Compiling the Apologist’s Handbook

Last summer, I had a long e-mail conversation, spanning several months and thousands of words, with a thoughtful, intelligent, but strongly committed conservative Christian named Daniel who came across my site. There was one exchange we had that I found illuminating and that stuck in my mind, and I want to talk about it today.

I wrote that when atheists commit a misdeed, we can’t just ask God for forgiveness; we have to seek out the people we’ve harmed and try to make things right. Daniel contended that this was the Christian view as well:

That’s the way God originally set it up. You treat people the way you want to be treated. When you mess up, you tell them, ask them to forgive you, and then make reparations as a sign of true humility and repentance. Admittedly, to our shame, this is not how Christians portray forgiveness.

I followed up on this by asking what would happen to a person who repented on his deathbed and died without any opportunity to make restitution. Daniel answered as follows:

Would I say he is going to heaven? I wouldn’t say at all. I would say that God will deal with him justly, and whatever God decides is what is right. As Paul says in Romans, it is not based on works, but on God who shows mercy.

These answers are, of course, completely inconsistent with each other. Either you believe that God requires people to make restitution, or you believe that you don’t know God’s criteria for judgment, but you can’t believe both.

What this exchange highlighted for me is this: Apologists through the ages have put enormous amounts of thought into resolving some of the moral and philosophical difficulties that arise from belief in Christianity. By now, their answers have been distilled into bumper-sticker-length talking points that most lay Christians can automatically quote in response to common challenges. But what’s more debatable is whether all those individual responses cohere with each other, as opposed to just serving the apologetic needs of the moment. As in the example with Daniel, I’ve observed that you can ask a question and get the usual well-rehearsed answer, then ask another question and get a different stock answer that contradicts the first one. In other cases, there are two equally common answers to the same question that contradict each other.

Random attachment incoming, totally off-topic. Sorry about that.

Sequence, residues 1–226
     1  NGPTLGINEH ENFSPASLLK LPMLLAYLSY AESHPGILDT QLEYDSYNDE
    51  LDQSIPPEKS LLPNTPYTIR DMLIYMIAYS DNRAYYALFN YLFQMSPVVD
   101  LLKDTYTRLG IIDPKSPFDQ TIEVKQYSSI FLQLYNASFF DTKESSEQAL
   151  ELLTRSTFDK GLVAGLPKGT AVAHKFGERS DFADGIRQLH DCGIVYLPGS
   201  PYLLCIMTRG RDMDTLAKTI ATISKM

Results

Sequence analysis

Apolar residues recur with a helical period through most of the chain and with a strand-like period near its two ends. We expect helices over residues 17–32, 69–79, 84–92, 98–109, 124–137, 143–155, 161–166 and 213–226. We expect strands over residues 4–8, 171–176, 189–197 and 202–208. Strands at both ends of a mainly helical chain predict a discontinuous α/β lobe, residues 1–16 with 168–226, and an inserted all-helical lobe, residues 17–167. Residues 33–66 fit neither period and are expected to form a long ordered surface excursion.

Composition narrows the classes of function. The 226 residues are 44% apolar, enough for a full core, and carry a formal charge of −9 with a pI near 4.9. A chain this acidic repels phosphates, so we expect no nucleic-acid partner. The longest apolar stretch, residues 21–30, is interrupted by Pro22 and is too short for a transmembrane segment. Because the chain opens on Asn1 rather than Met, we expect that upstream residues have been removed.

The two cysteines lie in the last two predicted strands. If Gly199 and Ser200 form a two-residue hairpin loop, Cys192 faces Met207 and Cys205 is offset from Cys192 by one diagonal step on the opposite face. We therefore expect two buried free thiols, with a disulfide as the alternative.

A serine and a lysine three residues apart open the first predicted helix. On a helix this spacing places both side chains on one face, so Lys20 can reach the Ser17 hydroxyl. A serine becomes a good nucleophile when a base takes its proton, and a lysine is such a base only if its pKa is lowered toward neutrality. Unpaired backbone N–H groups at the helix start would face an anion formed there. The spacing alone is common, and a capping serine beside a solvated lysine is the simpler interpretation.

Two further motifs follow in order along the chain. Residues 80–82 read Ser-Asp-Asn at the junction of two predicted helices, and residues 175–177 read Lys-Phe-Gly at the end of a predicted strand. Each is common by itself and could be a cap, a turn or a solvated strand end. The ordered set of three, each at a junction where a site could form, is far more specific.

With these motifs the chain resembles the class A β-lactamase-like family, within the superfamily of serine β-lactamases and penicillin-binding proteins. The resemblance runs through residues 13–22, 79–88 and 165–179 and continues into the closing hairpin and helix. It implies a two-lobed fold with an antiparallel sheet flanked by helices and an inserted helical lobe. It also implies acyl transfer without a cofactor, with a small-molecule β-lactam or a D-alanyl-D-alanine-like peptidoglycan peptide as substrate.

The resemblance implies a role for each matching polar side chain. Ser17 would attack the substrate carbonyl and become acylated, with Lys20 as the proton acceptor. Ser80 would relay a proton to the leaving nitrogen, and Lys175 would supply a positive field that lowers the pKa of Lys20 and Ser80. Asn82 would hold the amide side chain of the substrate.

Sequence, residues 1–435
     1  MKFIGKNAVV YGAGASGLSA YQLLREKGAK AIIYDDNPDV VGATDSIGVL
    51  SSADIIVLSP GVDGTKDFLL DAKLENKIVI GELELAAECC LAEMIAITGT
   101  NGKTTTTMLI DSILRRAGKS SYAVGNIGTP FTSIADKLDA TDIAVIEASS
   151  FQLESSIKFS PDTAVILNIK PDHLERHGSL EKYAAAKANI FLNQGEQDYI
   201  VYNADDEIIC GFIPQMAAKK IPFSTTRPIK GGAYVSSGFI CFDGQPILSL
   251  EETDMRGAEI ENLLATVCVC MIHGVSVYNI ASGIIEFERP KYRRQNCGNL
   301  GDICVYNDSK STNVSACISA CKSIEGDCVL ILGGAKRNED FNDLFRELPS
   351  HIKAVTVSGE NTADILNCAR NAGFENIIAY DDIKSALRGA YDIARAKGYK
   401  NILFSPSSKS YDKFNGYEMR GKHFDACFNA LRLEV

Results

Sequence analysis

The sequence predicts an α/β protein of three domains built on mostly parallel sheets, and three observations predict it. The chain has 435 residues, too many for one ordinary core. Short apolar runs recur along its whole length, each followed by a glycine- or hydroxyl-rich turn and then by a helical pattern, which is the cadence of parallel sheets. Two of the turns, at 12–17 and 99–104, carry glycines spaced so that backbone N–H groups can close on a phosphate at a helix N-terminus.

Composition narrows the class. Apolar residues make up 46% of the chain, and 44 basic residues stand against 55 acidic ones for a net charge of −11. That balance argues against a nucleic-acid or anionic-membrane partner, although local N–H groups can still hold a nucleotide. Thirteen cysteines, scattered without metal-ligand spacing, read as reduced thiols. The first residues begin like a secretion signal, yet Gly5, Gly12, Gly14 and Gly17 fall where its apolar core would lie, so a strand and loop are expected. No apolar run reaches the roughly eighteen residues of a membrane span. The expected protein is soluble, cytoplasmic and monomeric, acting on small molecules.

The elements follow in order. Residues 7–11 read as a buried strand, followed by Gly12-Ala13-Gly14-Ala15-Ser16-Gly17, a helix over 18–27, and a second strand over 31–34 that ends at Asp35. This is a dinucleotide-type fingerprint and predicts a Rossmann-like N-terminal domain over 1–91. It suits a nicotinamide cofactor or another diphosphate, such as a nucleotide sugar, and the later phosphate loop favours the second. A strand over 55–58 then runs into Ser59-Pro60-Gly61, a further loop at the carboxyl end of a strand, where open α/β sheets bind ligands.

If Christianity was a coherent belief system that flowed from a consistent set of starting principles, this wouldn’t happen. On the other hand, if it’s the religious belief that comes first and then reasons justifying the belief are invented later, you’d expect that these inconsistencies would arise. I think that in the majority of cases, it’s the latter: even intelligent, well-read Christians are mainly coming up with ways to rationalize a belief they adopted for non-rational reasons.

To that end, I want to catalogue other contradictions like this. I want to highlight the inconsistencies in the apologist’s handbook of replies to common objections. I’ve already thought of a few others, like these:

“God is good and always wants the best for us.”
“God’s ways are not our ways and he is infinitely beyond our ability to judge.” (Then how do you know he’s good?)

“God doesn’t want to give us convincing evidence of his existence because it would take away our free will to believe.”
“God’s existence is clearly seen and those who disbelieve are without excuse.” (So we don’t have free will, then?)

“The Bible is God’s word and is infallible.”
“The Bible is infallible only in its original manuscripts, which no longer exist.” (Then the Bible we have, the one that Christians rely on as a source of guidance, is not infallible.)

But I bet there are others that I haven’t thought of. What can you suggest? I’m not looking for Bible verses that contradict each other – we have plenty of those – but for commonly heard apologetic arguments, whether found in the Bible or not, that are mutually exclusive.

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About Adam Lee

Adam Lee is an atheist writer and speaker living in New York City. His new novel, Arc of Fire, is available in paperback and e-book. Read his full bio, or follow him on Twitter.


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